sick leave duration of approximately five days. The comparison between the epidemic and
non-epidemic periods showed that the increase in absenteeism during epidemic periods was
lower among workers in the first three categories (on average less than 1 day/person) than
among workers in the other three categories (on average more than 2 days/person); this
finding may be attributable to the fact that the medical and executive personnel (approximately
17% of personnel) may recognize that the hospital cannot obtain coverage for their positions
when they take sick leave and therefore may feel obligated to return to work as early as
We hypothesized that due to the low vaccination coverage that characterizes Italian HCWs
(such as those included in the study), vaccination has not had a substantial impact on work
absenteeism trends, and our results confirm this hypothesis. Nevertheless, our study showed
that unvaccinated employees used approximately 3.2 days of additional sick leave per person
during the influenza season compared with vaccinated employees. Interestingly, the difference
in absenteeism between vaccinated and unvaccinated HCWs was also evident also during the
non-epidemic periods, with unvaccinated HCWs having, on average, 2.5 additional
days/person lost due to sick leave. This discrepancy may be explained by the possibility that vaccines
also protect employees from illness during non-epidemic periods. Moreover, the greater
difference in absenteeism observed during the epidemic periods supports the beneficial effect of
influenza vaccination on reducing absenteeism, as observed in previous studies [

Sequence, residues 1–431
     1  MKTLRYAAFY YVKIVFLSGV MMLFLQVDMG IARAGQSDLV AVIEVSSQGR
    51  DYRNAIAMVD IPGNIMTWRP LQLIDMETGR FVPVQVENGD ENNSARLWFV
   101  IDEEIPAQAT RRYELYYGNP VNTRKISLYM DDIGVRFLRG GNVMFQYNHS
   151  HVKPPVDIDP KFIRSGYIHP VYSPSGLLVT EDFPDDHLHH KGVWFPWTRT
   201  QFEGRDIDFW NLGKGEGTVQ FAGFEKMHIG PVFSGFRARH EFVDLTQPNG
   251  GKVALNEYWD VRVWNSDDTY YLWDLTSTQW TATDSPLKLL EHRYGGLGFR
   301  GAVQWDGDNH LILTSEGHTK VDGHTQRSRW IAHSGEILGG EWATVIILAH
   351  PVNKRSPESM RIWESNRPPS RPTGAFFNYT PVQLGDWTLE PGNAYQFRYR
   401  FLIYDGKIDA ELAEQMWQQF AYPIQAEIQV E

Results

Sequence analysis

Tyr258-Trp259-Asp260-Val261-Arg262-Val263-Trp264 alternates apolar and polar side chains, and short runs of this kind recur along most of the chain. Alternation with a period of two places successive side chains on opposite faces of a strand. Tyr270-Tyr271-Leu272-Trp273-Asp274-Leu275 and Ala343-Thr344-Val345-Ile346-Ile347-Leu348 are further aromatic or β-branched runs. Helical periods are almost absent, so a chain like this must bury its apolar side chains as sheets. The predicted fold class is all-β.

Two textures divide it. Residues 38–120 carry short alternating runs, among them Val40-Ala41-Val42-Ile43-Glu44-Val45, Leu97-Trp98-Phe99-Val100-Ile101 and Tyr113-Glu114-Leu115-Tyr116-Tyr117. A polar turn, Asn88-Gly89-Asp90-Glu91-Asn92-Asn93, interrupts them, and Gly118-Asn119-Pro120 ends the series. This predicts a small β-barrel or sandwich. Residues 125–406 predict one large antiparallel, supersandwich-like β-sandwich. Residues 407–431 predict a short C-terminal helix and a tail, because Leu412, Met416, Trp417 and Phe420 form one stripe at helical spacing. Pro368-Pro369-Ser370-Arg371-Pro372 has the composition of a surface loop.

These results could be useful to populate mathematical models that allow to estimate the
effects of vaccination interventions; the experiences of models developed [
] are useful for
describing the changes in the dynamics of influenza in relation to the behavioral changes of
the affected population (vaccinations, preventive measures). Stationary pattern or time-space
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transitions can also be described in predictive mathematical models and absenteeism data can
help to read both behavioral and economic changes.
In the present study, the rates of absenteeism were slightly higher during both epidemic
and non-epidemic periods among workers in direct contact with patients. However, during
the epidemic periods, there was a slightly lesser increase in the use of sick leave among workers
having direct contact with patients relative to those with no patient contact. Although
influenza is a community infection, so contact with patients may not be its main mode of